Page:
by Linda Straker
- Foreign Affairs Minister addressed UN General Assembly on Monday, 27 September
- Economic data does not always present reality of Caribbean States
- Grenada classified as upper-middle-income country
Grenada is recommending that the World Bank adopt new a system of classification of small islands such as Caricom economies. The format currently used has resulted in the marginalisation of development to the region.
“Mr President, it is imperative that we continue to stress and address the reclassification of our status by the Organisation for Economic Cooperation and Development (OECD) Development Assistant Committee (DAC), which has resulted in the marginalisation of the quantum of development assistance to the region,” said Oliver Joseph, Foreign Affairs Minister when he addressed the United Nations General Assembly on Monday, 27 September 2021.
Describing the current system as one that is clearly problematic, Joseph, who was making his debut address to the august body since he became Foreign Affairs Minister in October 2020, said that economic data does not always present the reality of Caribbean States. “We again urge advocacy and support from organisations, including those under the umbrella of the United Nations, in the dismantling of these unfair rulings. We reiterate that economic data such as Gross Domestic Product per capita does not reflect the true nature of the vulnerability of Caribbean States.”
Joseph suggested that the new format be adopted in 2022. “We, therefore, repeat our call for the creation of a Multidimensional Vulnerability Index that adequately addresses those vulnerabilities. We strongly urge that they be completed no later than the end of 2022,” he said.
In February 2021, the United Nations Development Programme (UNDP) published a paper entitled: “Towards a Multidimensional Vulnerability Index” which says that Small Islands Developing States face severe structural challenges due to their remoteness, economic Concentration, and dependence on external flows such as remittances, foreign direct investment, and tourism revenue.
“This paper constructs a Multidimensional Vulnerability Index (MVI) to account for both long-term structural vulnerabilities as well as the recent weaknesses uncovered by the pandemic,” said the executive summary which explained that using 11 indicators for 128 countries (including 34 SIDS), the MVI demonstrates that all but five SIDS are far more vulnerable than their income level would suggest.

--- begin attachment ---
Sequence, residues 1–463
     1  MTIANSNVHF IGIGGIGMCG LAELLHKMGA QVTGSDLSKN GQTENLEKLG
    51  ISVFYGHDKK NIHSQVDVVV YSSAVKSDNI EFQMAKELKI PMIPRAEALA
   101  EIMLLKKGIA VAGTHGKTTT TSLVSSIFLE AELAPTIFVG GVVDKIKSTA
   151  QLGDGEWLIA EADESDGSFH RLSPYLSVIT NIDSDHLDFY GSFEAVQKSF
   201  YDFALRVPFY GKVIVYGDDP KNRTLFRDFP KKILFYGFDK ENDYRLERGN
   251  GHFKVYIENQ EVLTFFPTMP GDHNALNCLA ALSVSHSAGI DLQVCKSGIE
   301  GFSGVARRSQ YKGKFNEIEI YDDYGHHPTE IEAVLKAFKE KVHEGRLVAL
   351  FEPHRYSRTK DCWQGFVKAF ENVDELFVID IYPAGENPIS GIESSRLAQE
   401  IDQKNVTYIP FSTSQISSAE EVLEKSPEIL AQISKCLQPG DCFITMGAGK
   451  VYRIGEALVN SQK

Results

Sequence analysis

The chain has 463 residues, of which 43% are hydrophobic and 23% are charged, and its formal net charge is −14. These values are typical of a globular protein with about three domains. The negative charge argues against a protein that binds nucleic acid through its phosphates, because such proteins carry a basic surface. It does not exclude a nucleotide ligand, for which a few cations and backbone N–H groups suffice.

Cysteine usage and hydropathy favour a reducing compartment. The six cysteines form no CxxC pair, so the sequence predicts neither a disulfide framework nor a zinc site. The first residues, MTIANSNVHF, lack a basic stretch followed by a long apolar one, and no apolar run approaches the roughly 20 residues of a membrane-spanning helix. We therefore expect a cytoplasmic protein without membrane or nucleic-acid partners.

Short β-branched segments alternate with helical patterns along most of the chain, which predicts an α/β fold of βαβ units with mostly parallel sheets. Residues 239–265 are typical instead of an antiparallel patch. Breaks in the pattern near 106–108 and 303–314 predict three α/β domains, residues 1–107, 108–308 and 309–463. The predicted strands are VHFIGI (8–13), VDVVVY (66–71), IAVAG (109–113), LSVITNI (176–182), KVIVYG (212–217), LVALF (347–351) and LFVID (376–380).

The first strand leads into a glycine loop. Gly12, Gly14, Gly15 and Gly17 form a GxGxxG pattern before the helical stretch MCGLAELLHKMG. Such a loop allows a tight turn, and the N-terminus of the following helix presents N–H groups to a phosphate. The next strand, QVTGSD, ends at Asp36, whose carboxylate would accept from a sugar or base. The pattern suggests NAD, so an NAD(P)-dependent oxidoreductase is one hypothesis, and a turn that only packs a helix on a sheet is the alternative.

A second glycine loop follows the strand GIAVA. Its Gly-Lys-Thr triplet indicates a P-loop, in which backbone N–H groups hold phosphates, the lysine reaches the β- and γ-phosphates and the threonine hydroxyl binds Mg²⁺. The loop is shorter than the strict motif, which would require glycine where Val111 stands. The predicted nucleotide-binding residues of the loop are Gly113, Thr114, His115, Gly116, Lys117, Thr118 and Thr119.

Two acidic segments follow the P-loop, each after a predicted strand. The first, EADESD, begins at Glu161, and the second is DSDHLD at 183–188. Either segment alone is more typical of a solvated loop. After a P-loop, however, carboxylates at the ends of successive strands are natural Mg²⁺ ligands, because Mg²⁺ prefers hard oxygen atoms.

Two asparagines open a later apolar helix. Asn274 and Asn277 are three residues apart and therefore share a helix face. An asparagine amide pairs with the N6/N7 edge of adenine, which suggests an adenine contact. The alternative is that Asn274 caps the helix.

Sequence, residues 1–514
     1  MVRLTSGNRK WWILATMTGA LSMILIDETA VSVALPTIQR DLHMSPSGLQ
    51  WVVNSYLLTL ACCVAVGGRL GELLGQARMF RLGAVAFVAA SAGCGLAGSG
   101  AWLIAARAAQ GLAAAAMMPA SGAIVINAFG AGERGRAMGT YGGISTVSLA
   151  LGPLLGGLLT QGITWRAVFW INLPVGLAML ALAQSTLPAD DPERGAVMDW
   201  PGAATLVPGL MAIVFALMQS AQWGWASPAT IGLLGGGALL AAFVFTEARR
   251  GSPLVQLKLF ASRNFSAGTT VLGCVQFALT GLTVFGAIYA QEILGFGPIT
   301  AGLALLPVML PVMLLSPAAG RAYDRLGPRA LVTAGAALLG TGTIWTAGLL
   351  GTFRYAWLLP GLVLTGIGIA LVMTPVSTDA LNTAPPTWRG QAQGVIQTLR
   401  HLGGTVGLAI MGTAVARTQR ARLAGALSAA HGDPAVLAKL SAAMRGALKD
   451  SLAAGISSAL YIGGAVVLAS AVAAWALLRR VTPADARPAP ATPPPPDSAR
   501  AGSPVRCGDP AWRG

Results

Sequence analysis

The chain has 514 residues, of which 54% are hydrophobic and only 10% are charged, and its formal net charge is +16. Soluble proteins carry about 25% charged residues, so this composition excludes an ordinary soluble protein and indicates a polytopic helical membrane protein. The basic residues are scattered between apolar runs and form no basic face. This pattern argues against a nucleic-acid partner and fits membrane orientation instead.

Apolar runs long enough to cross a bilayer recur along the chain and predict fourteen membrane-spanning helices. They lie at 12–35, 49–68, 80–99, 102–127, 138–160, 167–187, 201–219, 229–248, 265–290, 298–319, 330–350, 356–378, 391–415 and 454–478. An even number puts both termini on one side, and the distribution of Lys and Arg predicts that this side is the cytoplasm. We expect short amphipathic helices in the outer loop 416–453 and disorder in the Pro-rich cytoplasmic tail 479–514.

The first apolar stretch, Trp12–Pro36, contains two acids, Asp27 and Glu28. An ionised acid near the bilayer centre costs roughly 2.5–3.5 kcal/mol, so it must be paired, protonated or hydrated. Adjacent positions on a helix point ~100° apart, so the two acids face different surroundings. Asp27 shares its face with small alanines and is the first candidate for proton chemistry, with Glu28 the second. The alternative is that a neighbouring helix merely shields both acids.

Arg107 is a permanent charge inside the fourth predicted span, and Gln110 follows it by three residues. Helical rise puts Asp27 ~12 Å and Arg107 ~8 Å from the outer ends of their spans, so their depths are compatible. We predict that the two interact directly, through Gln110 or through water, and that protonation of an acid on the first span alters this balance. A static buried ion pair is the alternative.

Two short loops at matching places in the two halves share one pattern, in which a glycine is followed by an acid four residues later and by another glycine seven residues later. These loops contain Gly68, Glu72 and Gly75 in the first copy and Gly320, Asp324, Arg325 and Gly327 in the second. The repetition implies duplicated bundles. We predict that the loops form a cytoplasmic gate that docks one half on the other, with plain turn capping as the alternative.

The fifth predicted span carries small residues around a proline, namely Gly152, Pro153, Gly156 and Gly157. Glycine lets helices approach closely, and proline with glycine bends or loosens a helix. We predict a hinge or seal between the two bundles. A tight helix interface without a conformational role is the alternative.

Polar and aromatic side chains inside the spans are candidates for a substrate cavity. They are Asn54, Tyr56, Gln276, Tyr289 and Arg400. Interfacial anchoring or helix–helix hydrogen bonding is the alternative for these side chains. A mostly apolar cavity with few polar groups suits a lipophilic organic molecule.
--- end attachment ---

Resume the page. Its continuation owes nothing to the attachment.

“Using the MVI, non-LDC SIDS could save close to 1.5% of their GDP per annum in interest payments. It contributes to the debate on vulnerability measurement by contrasting a narrow focus on economic or environmental vulnerability with a multi-dimensional approach to assessing countries’ structural vulnerabilities to a variety of shocks. This analysis implies the urgent need to reconsider eligibility for concessional financing to SIDS on vulnerability rather than just income criteria,” said the paper.
“The Covid-19 pandemic has greatly exacerbated these vulnerabilities by restricting travel, collapsing investment and tourism, and weakening the economies from which remittances are sent. However, most SIDS are still not eligible for concessional financing due to their classification as middle or high-income countries,” the paper said.
Under the classification, the world’s Middle-Income Countries, which are defined as having a per capita gross national income of US$1,026 to $12,475. Grenada and most other Caricom member states are classified as upper-middle-income countries.